I second this. To read an individual bit (where bit 0 is the lowest one) you can do:

I know we have posted many, many codes to store an image as a list and I know I have done binary packing. It isn't as efficient as you might think. First, a number on the 83+ is always a float and it always takes 9 bytes. A complex number is comprised of two floats, so it takes 18 bytes. Theoretically, you could fit 47 bits of data in a TI float (14 decimal digits nibble-packed into 7 bytes, a mantissa, and an additional byte that includes a sign bit giving the 47th bit). However, rounding problems limit this to a few bits less, so around 44 bits is what you can reliably get. If, for example, you were trying to store an 8x8 sprite, you could do it pretty easily by storing it as a complex number where the real part contains 32 bits and the imaginary part contains the other 32 bits.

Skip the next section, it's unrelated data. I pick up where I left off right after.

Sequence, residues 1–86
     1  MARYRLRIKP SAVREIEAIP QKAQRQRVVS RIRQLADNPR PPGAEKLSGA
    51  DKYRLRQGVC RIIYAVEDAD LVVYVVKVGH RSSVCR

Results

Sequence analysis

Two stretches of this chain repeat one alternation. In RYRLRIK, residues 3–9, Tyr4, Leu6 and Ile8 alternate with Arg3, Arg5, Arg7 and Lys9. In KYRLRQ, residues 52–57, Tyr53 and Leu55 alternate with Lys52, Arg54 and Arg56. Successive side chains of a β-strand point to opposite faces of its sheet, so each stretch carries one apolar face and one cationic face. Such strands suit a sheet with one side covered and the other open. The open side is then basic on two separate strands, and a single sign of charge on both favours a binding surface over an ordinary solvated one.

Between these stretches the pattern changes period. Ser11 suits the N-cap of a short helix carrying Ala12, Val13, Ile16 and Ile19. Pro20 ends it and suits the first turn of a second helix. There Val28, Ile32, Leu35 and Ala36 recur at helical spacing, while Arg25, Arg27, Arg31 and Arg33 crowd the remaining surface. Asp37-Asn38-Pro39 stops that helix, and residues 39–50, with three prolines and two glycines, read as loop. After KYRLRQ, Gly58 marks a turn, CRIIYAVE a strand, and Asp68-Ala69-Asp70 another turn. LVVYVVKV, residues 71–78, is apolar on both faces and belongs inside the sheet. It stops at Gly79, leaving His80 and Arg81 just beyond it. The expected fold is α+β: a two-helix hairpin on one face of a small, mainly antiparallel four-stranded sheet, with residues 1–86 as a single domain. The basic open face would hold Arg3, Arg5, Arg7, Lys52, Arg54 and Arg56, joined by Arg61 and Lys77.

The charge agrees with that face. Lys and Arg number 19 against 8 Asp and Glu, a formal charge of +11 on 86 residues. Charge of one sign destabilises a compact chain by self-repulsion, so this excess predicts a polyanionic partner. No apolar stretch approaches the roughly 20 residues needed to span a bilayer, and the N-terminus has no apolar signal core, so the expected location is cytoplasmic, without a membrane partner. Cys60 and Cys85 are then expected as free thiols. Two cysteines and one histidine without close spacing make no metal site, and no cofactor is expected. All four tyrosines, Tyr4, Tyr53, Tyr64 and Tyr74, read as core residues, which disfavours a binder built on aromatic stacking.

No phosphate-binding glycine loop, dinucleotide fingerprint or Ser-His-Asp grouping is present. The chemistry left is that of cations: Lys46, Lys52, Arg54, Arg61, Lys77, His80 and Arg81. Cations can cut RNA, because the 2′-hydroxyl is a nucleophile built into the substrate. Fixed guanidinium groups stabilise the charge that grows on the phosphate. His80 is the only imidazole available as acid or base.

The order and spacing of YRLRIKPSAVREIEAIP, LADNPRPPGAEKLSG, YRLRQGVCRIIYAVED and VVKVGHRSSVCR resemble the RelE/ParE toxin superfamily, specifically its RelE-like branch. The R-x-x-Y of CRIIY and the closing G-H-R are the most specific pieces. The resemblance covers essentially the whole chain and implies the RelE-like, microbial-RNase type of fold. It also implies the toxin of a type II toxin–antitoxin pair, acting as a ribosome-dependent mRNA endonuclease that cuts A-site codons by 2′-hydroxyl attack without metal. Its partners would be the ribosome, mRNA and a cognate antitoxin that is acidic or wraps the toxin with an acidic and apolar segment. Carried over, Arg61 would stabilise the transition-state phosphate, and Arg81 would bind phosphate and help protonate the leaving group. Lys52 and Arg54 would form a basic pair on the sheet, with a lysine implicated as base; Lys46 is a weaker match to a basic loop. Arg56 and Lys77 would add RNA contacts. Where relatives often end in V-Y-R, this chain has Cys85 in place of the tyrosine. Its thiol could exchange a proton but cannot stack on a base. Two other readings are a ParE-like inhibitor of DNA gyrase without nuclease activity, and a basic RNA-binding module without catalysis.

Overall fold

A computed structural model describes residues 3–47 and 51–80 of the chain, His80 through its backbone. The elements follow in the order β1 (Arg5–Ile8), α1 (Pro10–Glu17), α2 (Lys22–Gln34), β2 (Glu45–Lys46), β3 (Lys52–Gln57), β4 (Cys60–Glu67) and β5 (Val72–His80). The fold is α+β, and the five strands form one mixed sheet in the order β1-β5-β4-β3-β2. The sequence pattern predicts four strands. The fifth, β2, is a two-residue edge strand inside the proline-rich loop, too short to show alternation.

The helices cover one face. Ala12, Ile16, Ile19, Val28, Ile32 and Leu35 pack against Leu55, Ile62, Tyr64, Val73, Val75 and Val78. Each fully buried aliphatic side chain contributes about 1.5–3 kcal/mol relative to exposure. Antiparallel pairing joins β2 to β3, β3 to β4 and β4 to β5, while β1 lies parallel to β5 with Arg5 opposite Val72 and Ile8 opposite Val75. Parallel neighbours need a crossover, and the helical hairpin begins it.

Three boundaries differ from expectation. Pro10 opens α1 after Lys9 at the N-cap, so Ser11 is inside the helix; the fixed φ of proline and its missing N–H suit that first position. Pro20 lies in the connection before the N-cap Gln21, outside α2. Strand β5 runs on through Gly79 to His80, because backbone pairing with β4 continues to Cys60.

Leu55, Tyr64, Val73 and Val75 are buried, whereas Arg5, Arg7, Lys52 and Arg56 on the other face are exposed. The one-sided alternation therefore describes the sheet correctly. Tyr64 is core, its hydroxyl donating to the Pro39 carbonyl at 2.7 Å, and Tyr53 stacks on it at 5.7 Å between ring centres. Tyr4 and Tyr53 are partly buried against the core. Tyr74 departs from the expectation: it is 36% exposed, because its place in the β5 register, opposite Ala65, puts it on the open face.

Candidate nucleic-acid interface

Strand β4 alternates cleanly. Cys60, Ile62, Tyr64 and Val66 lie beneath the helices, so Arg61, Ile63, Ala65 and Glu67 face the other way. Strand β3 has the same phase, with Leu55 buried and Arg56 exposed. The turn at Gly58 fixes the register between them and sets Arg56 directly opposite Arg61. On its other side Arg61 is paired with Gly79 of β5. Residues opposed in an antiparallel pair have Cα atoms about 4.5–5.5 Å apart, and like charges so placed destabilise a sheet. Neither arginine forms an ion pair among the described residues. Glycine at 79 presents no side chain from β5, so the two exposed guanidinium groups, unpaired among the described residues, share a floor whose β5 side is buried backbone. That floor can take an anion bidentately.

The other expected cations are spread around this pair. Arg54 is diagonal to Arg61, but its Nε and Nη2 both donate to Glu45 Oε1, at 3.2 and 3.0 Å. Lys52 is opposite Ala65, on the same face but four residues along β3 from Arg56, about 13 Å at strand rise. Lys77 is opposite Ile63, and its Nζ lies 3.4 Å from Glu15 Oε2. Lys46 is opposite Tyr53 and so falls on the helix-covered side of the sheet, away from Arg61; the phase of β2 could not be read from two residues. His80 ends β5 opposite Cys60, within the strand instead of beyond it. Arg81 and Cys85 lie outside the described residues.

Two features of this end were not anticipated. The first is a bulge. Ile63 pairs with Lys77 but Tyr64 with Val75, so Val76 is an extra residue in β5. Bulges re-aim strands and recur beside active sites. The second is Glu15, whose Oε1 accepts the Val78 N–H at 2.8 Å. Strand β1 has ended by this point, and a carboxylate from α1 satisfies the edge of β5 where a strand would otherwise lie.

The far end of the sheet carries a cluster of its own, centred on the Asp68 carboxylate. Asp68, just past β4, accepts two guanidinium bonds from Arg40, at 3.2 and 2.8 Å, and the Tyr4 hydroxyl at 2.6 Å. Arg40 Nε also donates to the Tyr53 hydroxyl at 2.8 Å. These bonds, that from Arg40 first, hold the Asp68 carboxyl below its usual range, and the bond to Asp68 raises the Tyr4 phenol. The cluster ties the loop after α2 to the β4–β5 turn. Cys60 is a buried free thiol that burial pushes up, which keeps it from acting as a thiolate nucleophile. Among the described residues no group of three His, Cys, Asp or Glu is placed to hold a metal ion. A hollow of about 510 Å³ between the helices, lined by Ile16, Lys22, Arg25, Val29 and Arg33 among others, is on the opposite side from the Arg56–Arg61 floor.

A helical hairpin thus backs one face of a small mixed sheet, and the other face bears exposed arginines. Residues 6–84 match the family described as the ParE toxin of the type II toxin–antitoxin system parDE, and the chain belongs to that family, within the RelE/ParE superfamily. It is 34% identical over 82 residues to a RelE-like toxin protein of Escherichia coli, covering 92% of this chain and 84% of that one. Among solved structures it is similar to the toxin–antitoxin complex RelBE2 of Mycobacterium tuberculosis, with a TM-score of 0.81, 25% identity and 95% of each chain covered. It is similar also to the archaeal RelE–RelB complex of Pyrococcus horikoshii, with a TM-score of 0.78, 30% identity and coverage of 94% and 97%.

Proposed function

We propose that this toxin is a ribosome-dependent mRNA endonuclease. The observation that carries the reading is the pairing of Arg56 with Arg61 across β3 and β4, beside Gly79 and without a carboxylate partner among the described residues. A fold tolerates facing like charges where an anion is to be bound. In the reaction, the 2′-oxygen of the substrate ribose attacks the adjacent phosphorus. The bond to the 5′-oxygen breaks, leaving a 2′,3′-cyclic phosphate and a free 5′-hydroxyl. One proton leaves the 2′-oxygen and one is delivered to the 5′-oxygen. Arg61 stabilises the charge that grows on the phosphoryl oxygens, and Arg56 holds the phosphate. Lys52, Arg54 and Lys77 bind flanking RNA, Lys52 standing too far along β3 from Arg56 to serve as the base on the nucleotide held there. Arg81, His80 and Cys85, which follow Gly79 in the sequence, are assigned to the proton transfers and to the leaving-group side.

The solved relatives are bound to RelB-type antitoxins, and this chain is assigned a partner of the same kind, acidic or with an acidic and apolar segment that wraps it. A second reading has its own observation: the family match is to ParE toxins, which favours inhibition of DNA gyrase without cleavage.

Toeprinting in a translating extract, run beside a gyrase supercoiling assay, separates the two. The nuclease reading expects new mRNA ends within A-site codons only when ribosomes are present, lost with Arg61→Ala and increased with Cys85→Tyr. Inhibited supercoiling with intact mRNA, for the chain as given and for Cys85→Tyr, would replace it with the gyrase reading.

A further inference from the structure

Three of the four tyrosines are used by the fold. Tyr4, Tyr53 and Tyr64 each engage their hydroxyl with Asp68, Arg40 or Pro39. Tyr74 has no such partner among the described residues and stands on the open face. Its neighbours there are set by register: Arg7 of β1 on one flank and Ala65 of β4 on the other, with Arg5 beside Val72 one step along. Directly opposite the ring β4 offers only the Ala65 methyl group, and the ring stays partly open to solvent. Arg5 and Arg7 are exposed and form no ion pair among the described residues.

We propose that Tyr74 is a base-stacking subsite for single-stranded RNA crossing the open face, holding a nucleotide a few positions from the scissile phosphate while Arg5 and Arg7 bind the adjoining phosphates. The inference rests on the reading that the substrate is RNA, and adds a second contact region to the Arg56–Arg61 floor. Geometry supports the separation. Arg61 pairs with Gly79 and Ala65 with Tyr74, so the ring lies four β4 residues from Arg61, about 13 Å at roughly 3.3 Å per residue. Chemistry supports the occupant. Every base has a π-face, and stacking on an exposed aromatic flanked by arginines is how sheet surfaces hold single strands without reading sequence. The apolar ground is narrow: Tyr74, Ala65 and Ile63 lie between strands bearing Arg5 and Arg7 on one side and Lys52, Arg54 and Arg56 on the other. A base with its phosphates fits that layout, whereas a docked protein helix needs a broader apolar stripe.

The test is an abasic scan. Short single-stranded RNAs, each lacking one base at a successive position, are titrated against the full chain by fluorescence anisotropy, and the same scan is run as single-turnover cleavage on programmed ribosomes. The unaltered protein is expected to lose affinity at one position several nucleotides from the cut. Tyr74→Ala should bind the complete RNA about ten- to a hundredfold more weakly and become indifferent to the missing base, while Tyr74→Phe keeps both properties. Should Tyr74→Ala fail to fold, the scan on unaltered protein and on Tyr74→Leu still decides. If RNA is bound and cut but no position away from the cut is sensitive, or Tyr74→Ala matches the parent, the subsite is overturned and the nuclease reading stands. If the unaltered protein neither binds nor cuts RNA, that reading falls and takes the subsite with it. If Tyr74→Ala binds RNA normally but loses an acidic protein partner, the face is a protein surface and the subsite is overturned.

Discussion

As well, you would not want to extract each bit individually— that would be less efficient than other techniques. For example, if you divide a number by 2, if its low bit was 1, then a 1 would be on the other side of the decimal in binary form. So using your example of 51, 110011/2 = 11001.1. So translating to base 10, this is 25+1/2=25.5. So in BASIC, fPart(.5Ans)≥.5 would mean the bit was set. But now your number is set up so that you can get the next bit just by dividing by 2 again. In this case, you get 1100.11 which translates to 12+3/2^{2}=12.75. So in code, to draw 40 pixels from Ans:

```
For(A,0,39
Pxl-Off(0,A
.5Ans
If int(2fPart(Ans
Pxl-On(0,A
End
```

As well, to store the pixels, reverse the process:

```
0
For(A,39,0,-1
2Ans+pxl-Test(0,A
End
```

I'm surprised I haven't added my routine for creating a self-extracting image routine to the hexcodes page, though. I will have to dig it up, but you basically supply the program a name and it generates an assembly program that contains a short code followed by image data. Running the program extracts the data and draws it to the screen.